White Boy Rick takes place in a lower-middle class neighbourhood in 1980’s Detroit where urban decay, a budding crime scene and a nearly uncontrollable drug problem set the tone. Products of their environment, the community seemed to do what was necessary to survive in this rough town, and that often meant getting involved in criminal activity. Rick Wershe Sr. (Matthew McConaughey), for example, was an arms dealer. Though arms dealing was technically legal, Rick Sr. would make alterations to the guns and sell them for significant profit, which was not.
Rick Wershe Jr. (Richie Merritt) seemed like a good kid. He was a teenager that was going through the motions and staying out of trouble. But once he started selling guns for his Dad, he started getting mixed up with the gang crowd. This spiraled into Rick Jr. becoming one of the most prominent criminals in Detroit. The FBI wanted to get their hands on him – but not to book him; they wanted to work with him and use him to lead them to the kingpins.
Despite the exterior of a dysfunctional family dynamic, the Wershes seemed to always look out for one another. Rick Sr. wasn’t a traditional father, in fact some would say he was downright awful at the role, but he loved and cared for his children very much. When Dawn (Bel Powley) was in trouble, Rick Sr. and Ricky found out where she was staying, took her home (albeit against her will) and forced her to get clean. And similarly, when Ricky got into trouble, Rick Sr. and Dawn both did everything they could to help him. It was interesting to see how the family grew closer the more trouble they were faced with. They can be mad at and disagree with each other, but they’ll always be there to pick each other up when they fall. It just goes to show that the stereotypical ‘white picket fence’ family really doesn’t exist. Here’s a glimpse at a real family with real problems. I love that we’re seeing more reality and less stereotype in film.
Ricky and Dawn both have fascinating character arcs. Ricky starts out as the good kid and Dawn as the junkie who sleeps around. But as Ricky gets further into the crime world, and as Dawn gets clean, we see them completely switch roles in the family. It’s interesting to see the effect of drugs come to fruition in this film. Ricky starts selling drugs on the street and then goes home to his drug addicted sister. He is indirectly feeding her habit. Having a family member with substance abuse issues is a very touchy situation to navigate. There’s a fine line between helping them and being too overbearing, consequently driving them back to their comfortable habit. There needs to be a desire for them to want to help themselves and, if that desire is not there yet, perhaps one should first try to be there for them emotionally instead of trying to force it upon them. Show them that they are loved and that there is so much more to life than what they’re currently experiencing. That support system is going to help them out in the long run much more than forcing them to straighten up their act. That’s why it was initially shocking for me that Dawn actually gets clean and seemingly stays that way considering how she was physically forced to do so. Although, perhaps, she was happy to have the support of her father and brother again.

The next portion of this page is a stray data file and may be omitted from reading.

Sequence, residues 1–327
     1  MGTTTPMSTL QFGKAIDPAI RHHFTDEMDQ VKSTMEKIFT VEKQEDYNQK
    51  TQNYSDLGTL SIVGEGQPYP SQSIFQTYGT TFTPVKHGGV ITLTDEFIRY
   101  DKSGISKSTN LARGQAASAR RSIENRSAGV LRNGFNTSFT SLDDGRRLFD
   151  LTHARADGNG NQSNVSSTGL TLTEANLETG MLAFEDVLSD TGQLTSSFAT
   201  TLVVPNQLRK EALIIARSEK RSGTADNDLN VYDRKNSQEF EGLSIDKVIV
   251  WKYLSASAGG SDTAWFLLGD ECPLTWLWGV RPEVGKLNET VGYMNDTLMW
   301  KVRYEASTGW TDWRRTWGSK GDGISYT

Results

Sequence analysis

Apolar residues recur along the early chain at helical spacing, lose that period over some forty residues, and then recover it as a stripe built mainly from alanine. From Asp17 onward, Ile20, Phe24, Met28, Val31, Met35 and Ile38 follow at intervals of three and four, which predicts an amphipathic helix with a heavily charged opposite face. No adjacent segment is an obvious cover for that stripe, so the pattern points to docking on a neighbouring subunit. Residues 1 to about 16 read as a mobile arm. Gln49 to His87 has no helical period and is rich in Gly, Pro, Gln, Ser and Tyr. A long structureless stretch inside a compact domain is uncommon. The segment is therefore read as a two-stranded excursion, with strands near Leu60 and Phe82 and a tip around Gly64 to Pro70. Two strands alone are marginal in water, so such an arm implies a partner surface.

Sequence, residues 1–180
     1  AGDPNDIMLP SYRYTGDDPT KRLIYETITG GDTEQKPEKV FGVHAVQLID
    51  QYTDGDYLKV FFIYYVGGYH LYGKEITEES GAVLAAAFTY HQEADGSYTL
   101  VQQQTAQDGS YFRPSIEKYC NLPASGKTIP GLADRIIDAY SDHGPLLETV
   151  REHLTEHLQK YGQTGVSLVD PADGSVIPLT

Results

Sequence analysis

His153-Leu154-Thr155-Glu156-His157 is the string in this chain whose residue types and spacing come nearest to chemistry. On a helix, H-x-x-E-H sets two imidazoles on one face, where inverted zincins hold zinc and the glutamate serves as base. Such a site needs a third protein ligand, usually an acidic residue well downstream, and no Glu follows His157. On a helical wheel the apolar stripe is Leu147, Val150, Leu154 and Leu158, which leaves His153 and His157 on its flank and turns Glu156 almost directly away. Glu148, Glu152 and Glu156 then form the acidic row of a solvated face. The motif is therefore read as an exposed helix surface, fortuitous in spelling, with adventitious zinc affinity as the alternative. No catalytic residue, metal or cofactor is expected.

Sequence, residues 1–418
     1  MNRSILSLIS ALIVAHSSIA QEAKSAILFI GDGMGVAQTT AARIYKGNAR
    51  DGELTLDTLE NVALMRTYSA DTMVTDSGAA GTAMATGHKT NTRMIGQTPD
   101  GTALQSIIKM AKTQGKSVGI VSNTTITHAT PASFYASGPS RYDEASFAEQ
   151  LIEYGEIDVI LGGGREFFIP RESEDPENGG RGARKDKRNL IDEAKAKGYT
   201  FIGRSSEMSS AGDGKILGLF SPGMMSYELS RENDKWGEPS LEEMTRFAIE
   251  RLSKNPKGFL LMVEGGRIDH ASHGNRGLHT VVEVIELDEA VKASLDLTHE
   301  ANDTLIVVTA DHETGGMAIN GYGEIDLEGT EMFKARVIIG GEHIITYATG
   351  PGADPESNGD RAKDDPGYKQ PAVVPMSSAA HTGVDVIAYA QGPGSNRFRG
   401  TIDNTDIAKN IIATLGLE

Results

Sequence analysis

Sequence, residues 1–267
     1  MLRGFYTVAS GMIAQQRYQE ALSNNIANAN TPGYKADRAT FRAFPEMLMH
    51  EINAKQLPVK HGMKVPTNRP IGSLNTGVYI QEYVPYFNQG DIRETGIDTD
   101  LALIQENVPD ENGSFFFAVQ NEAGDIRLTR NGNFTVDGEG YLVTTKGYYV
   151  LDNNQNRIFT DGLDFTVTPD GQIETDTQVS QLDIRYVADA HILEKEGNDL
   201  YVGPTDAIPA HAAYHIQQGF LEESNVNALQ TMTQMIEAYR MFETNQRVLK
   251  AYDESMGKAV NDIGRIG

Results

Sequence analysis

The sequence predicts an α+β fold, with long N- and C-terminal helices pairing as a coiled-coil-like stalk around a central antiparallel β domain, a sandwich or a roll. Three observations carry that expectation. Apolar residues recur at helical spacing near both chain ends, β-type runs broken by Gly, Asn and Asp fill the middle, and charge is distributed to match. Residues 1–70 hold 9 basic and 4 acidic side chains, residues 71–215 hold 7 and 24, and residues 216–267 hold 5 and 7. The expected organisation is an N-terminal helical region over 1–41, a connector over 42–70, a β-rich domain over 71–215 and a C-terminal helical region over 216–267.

We get a glimpse of intense foreshadowing when Johnny (Jonathan Majors), one of the gang leaders, was talking to his group about betrayal. The camera moves to Ricky, who is partially standing behind a pole. The pole covers half of Ricky’s face, and he looks very nervous. The two-faced foreboding in this scene was palpable. Ricky knew he was going against his friends and that it was a serious problem given the physical danger that could come his way if he was found to be a snitch.
The lead role of Rick Wershe Jr. was given to first time actor, Richie Merritt, during a nationwide casting search. Apparently it took them quite a while to find the right fit but it was worth the wait! Not only does Merritt embody White Boy Rick, but his acting skills were impressive given his lack of experience. I’m very interested to see if he continues with acting and if so, what he tackles next. You also couldn’t get much better than Matthew McConaughey as Rick Wershe Sr. He is a genius. Merritt and McConaughey are an absolutely phenomenal duo.
As a film, White Boy Rick is just down right fantastic, in my opinion. I would encourage you to run to the theatre to catch it. It’s a heavy movie, and there are a few shocking scenes, but it’s an important story to be told.
The real Rick Wershe Jr. was sent to prison for life at the age of 17 for drug crimes in 1988. He is still behind bars. Currently 49 years old, he is allegedly scheduled to be released from prison in 2020.